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Two Widely Used Scheduling Software

Many different scheduling software are available for creating schedule model but these two are widely used worldwide:

Oracle Primavera:

It is widely used throughout the continents and is made mandatory by governments of some countries such as Pakistan, for all government projects.  It includes user rights management, multiple project management, EVM, etc. Its single user license costs USD 2700.  It is driven by a database. 

You can read benefits of Primavera here. It is available for purchase online, at this Amazon link .

MS Project:

This scheduling tool is used for entering and measuring project at basic level. MS Project is not database driven, rather it creates project file to store the data. Its cost is USD 650 per license. 

You may also like to read about differences between MS Project and Primavera, here.

How to Select Scheduling Software

A few more scheduling software apps are available but only the above two are famous and widely used. The project team will analyze various factors when selecting scheduling tool like ease-of-use, demand by stakeholder, reporting requirement, monitoring requirement, cost, etc.

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What is Performance Threshold? (PMI-SP)

What is performance threshold? Performance thresholds are conditions of activities. Once these conditions are met, further analysis and action is required.

Performance threshold examples:

Finish date variance threshold of -2:  It means activity can finish 2 days later than its planned finish date. If as per current status, it is finishing more than 2 days late, an action is required to prevent it from delaying further or to fast-track or crash activity to bring make it finish earlier.

Start date variance threshold of -1:   It means activity can start 1 day later than its start date.

Other thresholds could be set for SPI, CPI, Total Float, Free Float.  The schedule analyst, after discussing with stakeholders decide performance thresholds to use and their limits to set.

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Schedule Life Cycle Types (PMI-SP)

There are different schedule life cycle types (often called project life cycle). The project manager will choose the best that suits the project requirements. The life cycles are explained below:

Predictive: The entire work is planned and scheduled in the beginning of the project.

Iterative/agile: One or more specific task is planned to be done in periods (iterations) e.g. Three one-week periods. When done, another activity is planned/worked on. This cycle continues.

Adaptive: Same as iterative/agile. However, work is planned in many more and smaller iterations. Hence, there are frequent outcomes coming out from iterations. Adaptive is used in complicated/complex projects.

Rolling Wave Planning: It is iterative planning in which near term work is planned in detail, while the work in future is also planned but at a lower level of detail.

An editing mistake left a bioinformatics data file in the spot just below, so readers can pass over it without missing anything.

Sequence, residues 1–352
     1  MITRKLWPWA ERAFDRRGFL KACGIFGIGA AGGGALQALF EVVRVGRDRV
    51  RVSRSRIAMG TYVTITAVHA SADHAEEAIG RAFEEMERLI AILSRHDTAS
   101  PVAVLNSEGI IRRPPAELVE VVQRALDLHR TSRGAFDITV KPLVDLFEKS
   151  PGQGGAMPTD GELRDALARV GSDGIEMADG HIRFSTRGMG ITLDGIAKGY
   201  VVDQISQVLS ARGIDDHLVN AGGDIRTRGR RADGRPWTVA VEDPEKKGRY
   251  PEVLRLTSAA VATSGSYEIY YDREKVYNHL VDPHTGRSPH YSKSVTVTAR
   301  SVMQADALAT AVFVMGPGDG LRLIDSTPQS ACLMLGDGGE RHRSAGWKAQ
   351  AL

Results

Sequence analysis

Incremental: Portion of entire work is planned and completed. Then next portion of entire work is planned/completed and this cycle continues.

Hybrid: A combination of approaches for different projects or sub-projects.

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What is Scheduling Methodology? (PMI-SP)

Scheduling methodology is set of rules and methods used to develop schedule. Various scheduling methodologies that exists include:

  • Critical Path Method (CPM): Schedule is created by looking at activity duration and activity relationship.

  • Critical Chain Method: It is CPM, with effect of assigning resources to activities.

  • Location-based scheduling (LBS): It develops a schedule that shows:

    • Location and time of the activity,
    • Movement of the crews through time and location.
    • LBS focuses on optimizing resource utilization and their production rates.
    • LBS is also known as vertical production method, linear scheduling, repetitive scheduling method, flow production and flow-line scheduling.

  • On-Demand Scheduling:

    • Activities are defined with duration and dependencies. 
    • Each activity is pulled for execution when the resource is available. 
    • The purpose of on-demand scheduling is to limit a team's work-in-progress (WIP) in order to balance the demand against a team's delivery throughput. 
      It is usually used in adaptive life cycle.

  • Lean Scheduling:

    • It is same as On-Demand Scheduling, with focus on minimizing waste (lags, delays, extra time) in order to maximize value. The project team collaborates in pull planning sessions and performs these steps:

      • Master scheduling:  Identifies key milestones, key activities, and phases. 
      • Phase scheduling. Identifies phases from master schedule:

        • Determines duration, sequences, constraints for each phase.
        • Phase schedule is used to generate look-ahead schedules (work to be done in next periods)

      • Look-ahead planning: By considering resource capacity, detailed plans for work to be done in next weeks are established.

  • Intelligent Systems:

    In software, assumptions and activity requirements, such as constraints, hard logic (mandatory dependency), resources, and conditions (IF-THEN-ELSE) are entered.
    Schedule model learns from progress made and proposes a new sequence of relationships for remaining work. Another option is that the software learns from other projects’ schedule models and based on that, it reserves materials, equipment and workers.

  • Line of balance:

    It focuses on production rates over time for repetitive activities. The main objective is to find the required resources for each activity. It calculates productivity along with time in an easy graphical representation.
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